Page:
Why Medical Cannabis Markets Still Matter

By NuggMD Co-Founder & CMO, Alex Milligan.

It’s fair to say that the active participants on both sides of the cannabis market – suppliers and consumers – are delighted to read each headline heralding yet another state or county legalizing the use of recreational marijuana. As a matter of fact, fewer than 7 million of America’s 335 million inhabitants live in places without some degree of marijuana legalization. The surprising speed with which state-level legislation is dropping the barriers to adoption is a long-awaited dream for many who had been previously involved in the cannabis ecosystem only “from the shadows.” 

What’s driving this new wave of approval? Few would argue with the presumption that a key stepping-stone to this process has been the broad acceptance of medical marijuana (MMJ) by the medical community as a mainstream treatment strategy for a long list of clinical maladies. While growth estimates in such a dynamic industry are hard to nail down, the most common indicate that while the MMJ market surpassed $22.4 billion in 2020, it is estimated to register over 19.3% CAGR between 2021 and 2027, reaching $87.4 billion.

But I’d like to discuss a leap that many then make in predicting the MMJ industry’s growth patterns for the next decade. The assumption is that as recreational marijuana becomes more mainstream and therefore freely accessible (without the formality of prescriptions, the formality and precision of dosage, and limitation of application), the demand for MMJ will begin to dwindle. While superficially there appears to be some logic to this theory, there are over a dozen different reasons why this is not the case. 

The smoke at the end of the tunnel

Legislation and formal legalization are a process. Despite the headlines, marijuana is actually only fully legal (for both uses) in 15 states and Washington DC, while 25 only allow medical use with a prescription from a doctor. Will the rest get there? I think they will. But some states – perhaps many – will take years, and even then, ease into recreational use gradually. Until then, MMJ continues to maintain and grow in value.

The word from above

Though the Biden administration has been indecisive about decriminalizing marijuana at a federal level, the one thing that both the president and vice president agree on is reform to support the use of medical marijuana. Federal support for recreational use appears to be far off, and in the meantime, supporting medical use may represent the administration’s middle-ground.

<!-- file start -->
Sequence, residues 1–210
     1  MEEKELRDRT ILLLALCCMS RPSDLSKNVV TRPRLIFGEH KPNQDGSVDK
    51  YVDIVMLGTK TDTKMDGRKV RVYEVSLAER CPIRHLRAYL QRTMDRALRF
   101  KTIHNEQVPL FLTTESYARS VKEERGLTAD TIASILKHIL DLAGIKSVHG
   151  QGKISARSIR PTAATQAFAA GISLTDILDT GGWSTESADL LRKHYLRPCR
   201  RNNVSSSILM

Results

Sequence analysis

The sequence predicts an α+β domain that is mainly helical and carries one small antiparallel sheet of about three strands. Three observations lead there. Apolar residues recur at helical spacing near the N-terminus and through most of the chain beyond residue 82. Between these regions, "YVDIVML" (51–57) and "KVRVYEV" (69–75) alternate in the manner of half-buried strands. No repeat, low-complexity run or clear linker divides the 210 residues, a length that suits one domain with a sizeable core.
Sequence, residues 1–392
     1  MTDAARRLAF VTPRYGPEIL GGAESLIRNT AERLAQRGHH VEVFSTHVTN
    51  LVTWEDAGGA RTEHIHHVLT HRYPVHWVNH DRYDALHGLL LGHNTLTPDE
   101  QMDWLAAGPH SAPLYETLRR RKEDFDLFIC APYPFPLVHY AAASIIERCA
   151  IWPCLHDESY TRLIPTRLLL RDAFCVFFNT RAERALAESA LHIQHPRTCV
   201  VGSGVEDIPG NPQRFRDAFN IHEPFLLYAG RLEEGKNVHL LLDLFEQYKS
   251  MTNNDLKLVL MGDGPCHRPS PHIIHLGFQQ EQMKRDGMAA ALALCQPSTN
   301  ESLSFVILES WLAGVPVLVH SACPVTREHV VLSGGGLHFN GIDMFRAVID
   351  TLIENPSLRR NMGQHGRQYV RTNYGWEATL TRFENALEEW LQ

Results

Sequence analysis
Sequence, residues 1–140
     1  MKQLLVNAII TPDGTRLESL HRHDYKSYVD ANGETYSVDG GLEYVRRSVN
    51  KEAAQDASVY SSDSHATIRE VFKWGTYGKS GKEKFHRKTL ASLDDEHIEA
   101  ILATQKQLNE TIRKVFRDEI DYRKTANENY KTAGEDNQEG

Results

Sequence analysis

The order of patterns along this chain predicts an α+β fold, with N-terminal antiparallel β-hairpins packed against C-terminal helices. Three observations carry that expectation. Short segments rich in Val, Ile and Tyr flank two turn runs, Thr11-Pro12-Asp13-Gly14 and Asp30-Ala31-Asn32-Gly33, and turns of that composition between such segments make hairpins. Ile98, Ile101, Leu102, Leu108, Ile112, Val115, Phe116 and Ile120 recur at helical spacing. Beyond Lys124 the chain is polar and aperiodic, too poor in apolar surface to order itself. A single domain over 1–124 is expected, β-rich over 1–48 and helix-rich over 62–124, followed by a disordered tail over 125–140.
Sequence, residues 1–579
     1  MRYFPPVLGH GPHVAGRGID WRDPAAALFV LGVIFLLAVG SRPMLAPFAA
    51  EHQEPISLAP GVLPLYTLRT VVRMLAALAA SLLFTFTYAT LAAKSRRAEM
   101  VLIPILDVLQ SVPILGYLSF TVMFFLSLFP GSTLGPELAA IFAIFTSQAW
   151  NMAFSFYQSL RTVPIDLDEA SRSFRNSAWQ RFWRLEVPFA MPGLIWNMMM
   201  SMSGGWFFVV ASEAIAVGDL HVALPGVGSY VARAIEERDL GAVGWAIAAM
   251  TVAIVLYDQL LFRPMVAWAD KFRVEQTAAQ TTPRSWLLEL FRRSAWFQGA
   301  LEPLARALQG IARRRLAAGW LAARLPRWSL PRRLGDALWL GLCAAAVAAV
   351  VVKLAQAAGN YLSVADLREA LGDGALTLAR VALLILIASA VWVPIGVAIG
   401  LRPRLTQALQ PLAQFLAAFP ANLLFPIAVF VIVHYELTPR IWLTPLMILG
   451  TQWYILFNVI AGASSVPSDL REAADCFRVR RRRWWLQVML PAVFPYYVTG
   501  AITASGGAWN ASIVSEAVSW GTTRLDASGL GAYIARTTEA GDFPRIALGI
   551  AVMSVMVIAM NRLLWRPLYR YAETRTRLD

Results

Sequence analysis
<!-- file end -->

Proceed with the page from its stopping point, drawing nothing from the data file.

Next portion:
The voice of the NIMBY

As a compromise to the vocal “not in my backyard” contingents in most states (actually, often a collection of contingents with various separate concerns), many of the states which have thus far legalized recreational use did so through an initiative process; specific localities could “veto” the change, and many did. This process has rarely been leveraged as a tactic to legalize the use of medical marijuana, as the objections are few and far between.

Federal following suit

This same sensitivity to public opinion may very well impact federal legislators in a similar way, as they try to please both eager and resistant constituencies in their home states. As such, federal legislation will most likely also offer these local and even state-level exceptions to override national regulations. Surveys indicate that many states have an overwhelming, not marginal approval of citizens for doctor-prescribed MMJ: As was the case in 2018, a large majority (85 percent) of Wyoming residents say they support the legalization of marijuana for medical purposes if a doctor prescribes it. There is a similar figure in Arkansas (84%) and in Pennsylvania (87%).

That magic medical card

Even most of the states in which recreational use is legal make a point of providing more flexibility and benefits to obtaining marijuana when managed through medical channels: approvals to grow your own for personal medicinal use, growing larger quantities for recreational use than other consumers, higher possession and purchase limits, and even lower tax rates! Add that to extra legal protections, higher potency products and other opportunities for priority service, and getting that medical card becomes very attractive. Once again, this is a way for states to make clear that they are “in control” of this still-developing industry, with more robust documentation and tracking for medical, behavioral or criminal consequences and adverse outcomes.